Give All You Can

Luke 19:1-10

zacchaeus-1

“Zacchaeus” by Joel Whitehead. Retrieved from textweek.com

We’ve come to the end of our series on Wesley’s Rules for the Use of Money, where we’ve talked so far about earning all you can and saving all you can. But now we come to the third rule which, in many ways, is the goal of the other two—that we “give all we can.”

There are a lot of Scriptures we can point to in the Bible that are about giving all that we can. We might turn to Luke 21, for example and look at the story of the widow who gives one small coin at the Temple, and Jesus says her gift is more valuable because she gave it sacrificially as opposed to the rich who gave out of their leftovers. We could point to Paul’s admonition to the Corinthians to give cheerfully, or we could take another tack altogether and look at Acts 5 at the story of Ananias and Sapphira, who hold back part of the gift they promised to the church and, when confronted with their deception, drop dead on the spot. I’m actually surprised we don’t use that one more often when talking about giving!

We wouldn’t expect, however, that this familiar story of Zacchaeus would make the list. Most of us know if from the song we learned in Sunday School—“Zacchaeus was a wee little man…” For most of us, it’s a story about a man who was despised by others but loved by Jesus and it changed his life—and it certainly is that. But when we look more closely at the story, we see that it has something powerful to say to us about what happens when Jesus meets us and our money. Things begin to change.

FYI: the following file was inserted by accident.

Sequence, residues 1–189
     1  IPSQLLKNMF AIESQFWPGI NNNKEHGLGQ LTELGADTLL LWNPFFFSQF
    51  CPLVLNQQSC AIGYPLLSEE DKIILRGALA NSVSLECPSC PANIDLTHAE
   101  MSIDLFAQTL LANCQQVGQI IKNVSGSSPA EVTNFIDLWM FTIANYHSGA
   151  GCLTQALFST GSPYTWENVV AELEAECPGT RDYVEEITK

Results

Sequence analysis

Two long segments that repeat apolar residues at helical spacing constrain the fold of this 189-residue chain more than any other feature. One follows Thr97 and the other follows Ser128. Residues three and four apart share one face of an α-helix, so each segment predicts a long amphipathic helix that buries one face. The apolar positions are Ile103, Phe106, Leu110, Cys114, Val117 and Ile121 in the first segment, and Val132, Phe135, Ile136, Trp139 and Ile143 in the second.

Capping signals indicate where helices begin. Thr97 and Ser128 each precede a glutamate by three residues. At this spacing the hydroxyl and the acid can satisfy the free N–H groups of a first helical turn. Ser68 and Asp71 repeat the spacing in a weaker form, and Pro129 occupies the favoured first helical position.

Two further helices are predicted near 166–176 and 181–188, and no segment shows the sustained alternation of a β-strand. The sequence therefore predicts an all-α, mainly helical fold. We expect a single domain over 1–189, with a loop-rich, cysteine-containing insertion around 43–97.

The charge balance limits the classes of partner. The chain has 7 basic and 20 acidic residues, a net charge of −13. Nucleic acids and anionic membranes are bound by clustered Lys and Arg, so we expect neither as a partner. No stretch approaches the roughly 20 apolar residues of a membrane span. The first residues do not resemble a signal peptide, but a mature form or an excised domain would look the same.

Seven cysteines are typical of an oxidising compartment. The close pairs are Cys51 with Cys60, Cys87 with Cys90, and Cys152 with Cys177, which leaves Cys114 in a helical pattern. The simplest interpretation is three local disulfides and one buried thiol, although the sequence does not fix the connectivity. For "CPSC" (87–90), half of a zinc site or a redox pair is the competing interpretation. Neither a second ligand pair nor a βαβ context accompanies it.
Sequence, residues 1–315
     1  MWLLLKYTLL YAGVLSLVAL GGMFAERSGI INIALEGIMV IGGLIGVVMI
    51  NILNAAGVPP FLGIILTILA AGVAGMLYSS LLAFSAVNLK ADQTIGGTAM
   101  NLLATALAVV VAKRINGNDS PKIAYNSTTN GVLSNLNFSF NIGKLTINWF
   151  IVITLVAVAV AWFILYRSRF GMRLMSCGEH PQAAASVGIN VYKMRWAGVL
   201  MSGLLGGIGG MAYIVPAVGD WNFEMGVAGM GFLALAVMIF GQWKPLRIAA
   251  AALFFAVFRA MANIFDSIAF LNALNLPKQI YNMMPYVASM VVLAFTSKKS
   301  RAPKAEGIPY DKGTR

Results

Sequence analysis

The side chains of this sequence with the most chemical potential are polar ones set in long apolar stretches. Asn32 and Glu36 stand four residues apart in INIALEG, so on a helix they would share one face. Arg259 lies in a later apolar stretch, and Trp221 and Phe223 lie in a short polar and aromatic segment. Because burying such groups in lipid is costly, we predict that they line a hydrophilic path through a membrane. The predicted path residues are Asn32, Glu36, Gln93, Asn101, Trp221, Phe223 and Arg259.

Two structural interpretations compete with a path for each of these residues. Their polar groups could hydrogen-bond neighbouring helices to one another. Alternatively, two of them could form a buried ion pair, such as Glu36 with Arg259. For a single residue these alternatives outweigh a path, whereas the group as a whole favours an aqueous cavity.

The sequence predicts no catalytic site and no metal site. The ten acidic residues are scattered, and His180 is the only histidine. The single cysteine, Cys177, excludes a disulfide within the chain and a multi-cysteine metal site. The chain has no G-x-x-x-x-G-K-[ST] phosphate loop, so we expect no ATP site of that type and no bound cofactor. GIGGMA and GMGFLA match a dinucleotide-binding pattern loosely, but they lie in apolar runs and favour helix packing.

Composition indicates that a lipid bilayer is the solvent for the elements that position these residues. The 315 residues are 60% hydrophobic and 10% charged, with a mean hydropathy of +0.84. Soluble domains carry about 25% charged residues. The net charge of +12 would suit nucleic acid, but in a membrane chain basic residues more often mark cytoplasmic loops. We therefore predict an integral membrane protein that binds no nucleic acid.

Zacchaeus was a tax collector in Jericho. We’ve talked before about tax collectors in the ancient world—these were hated men who skimmed a profit by taxing the people over and above what was required by Rome. Zacchaeus may have been “short in stature” or a “wee little man,” but that’s not the only reason he went up that sycamore tree to get a glimpse of Jesus, who was on his way to Jerusalem to face the cross. He was likely up that tree as much to escape the crowd as he was to get a good view. In fact, if you go to Jericho today they will take you to a large sycamore tree and tell you, “This is the one.” It most certainly isn’t, but sycamores can grow very tall and would be a good refuge if you’re trying to stay out of reach.